Report on the ICTM Study Group for Performing Arts of Southeast Asia

By Matusky, Patricia | Bulletin of the International Council for Traditional Music, October 2010 | Go to article overview

Report on the ICTM Study Group for Performing Arts of Southeast Asia


Matusky, Patricia, Bulletin of the International Council for Traditional Music


The 1st Symposium of the ICTM Study Group on Performing Arts of Southeast Asia took place at the Republic Polytechnic in Singapore on 10-13 June 2010. This Symposium saw some 57 delegates from Australia, Austria, Germany, Indonesia, Japan, Hong Kong, Malaysia, the Philippines, Singapore, Thailand, the United Kingdom and the USA come together to hear and discuss some 43 paper presentations, video documentaries, demonstrations, and dance and music performances.

The Symposium began with a short opening welcome and encouraging remarks from Dr. Victor Valbuena, Director of the School of Technology for the Arts, Republic Polytechnic, the host for this Symposium. Welcoming comments also came from Dr. Tan Sooi Beng of the ICTM Board, Ms. Joyce Teo, Assistant Director of the School of Technology for the Arts and Chair of the Local Arrangements Committee for this Symposium and from Dr. Patricia Matusky, Chair of the Study Group and Program Chair. Also attending this symposium from the ICTM Board was Dr. Larry Witzleben.

The main themes for the 1st Symposium of this ICTM Study Group were Hybridity in the Performing Arts of Southeast Asia, Silat (martial arts) of Southeast Asia, Archiving and Documentation, and New Research by graduate students and experienced scholars alike. In addition, a Roundtable session was planned.

The theme of Hybridity in the performing arts, addressed in some 16 papers, was seen across national and cultural boundaries as a means of creating and sustaining cultural identity, creating new traditions, authenticating tradition, creating new styles within a given tradition, and even as loss and demise of tradition. The Symposium opened with two papers focusing on the 'ethnomusicology of the individual' and the creation of identity, firstly in the gamelan/jazz/heavy metal-infused music and performance of the contemporary Balinese jazz guitarist I Wayan Balawan by David Harnish (Bowling Green State University), and secondly in the Western classical-based music of the mid-20th century composer in Malaysia, Gus Steyn by Jim Chopyak (California State University at Sacramento). Other papers on hybridity and creating identity dealt with the Straits Chinese in Melaka at the close of the colonial era richly illustrated in photographs in a presentation by Margaret Sarkissian (Smith College), and the emergence of accordions and harmonicas from China into Singapore presented by Shzr Ee Tan (University of London). The use of rodat song/dance and the rebana drum in Muslim Balinese communities was presented by Ako Mashino (Tokyo University of the Arts & Kunitachi College of Music), asserting Cordillera identity among the indigenous peoples of the Northern Philippines was presented by Felicidad Prudente (University of The Philippines), and the recreation of local identity in the Thai Menora dance theater in Penang, Malaysia in a paper was presented by Tan Sooi Beng (Universiti Sains Malaysia).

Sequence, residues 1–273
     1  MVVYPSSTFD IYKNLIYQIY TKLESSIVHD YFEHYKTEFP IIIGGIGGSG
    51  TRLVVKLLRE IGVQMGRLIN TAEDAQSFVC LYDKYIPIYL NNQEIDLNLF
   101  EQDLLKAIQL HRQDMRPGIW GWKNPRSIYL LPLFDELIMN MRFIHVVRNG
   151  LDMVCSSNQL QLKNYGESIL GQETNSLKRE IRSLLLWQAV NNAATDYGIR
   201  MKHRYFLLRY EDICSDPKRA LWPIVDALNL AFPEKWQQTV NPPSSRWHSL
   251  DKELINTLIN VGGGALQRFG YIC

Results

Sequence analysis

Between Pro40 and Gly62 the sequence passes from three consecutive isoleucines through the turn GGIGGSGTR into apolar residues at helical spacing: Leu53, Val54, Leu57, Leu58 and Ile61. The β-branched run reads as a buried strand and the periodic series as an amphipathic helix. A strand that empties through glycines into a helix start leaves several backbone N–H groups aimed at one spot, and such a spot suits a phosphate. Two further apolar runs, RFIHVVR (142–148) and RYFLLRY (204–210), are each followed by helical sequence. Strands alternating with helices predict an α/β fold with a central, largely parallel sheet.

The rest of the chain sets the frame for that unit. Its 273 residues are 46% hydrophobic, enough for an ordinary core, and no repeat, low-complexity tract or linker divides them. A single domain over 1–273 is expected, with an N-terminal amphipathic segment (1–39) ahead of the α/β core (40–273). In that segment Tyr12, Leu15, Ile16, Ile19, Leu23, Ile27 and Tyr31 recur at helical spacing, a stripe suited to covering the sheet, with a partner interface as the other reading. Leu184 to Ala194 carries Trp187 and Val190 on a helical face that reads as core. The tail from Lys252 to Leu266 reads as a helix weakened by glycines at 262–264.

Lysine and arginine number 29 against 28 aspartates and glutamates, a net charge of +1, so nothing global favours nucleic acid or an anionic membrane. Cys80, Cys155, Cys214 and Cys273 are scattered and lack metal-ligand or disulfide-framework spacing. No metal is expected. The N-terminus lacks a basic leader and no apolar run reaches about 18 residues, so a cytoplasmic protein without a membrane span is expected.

The hybridity theme also drew attention to the creation of new traditions among a number of communities throughout Southeast Asia. Jennifer Fraser (Oberlin College) discussed emergent traditions and Talempong Kreasi in West Sumatra, while Mohd. Anis Md. Nor (University of Malaya) explained the emergence of Indonesian dance styles developed by Minangkabau women choreographers and based on silat martial arts from that community. In addition, Susan Ang Ngar Jiu (Universiti Putra Malaysia) spoke about the emergence of lullaby styles of the Dusun Labuk who live in Sabah, Malaysia, and Lawrence Ross (City University of New York) discussed the hybrid melodies and song lyrics of the Rong Ngeng Tanyong of Southwest Thailand. The topic of creating new traditions and 'new technology' processes was addressed by Joe Peters ((Sonicasia, Singapore) in his discussion of hybridity, seen as 'onloading' and 'inloading' trajectories in current computer applications.

The hybridity theme continued with papers that addressed the question of authenticity in a given tradition. …

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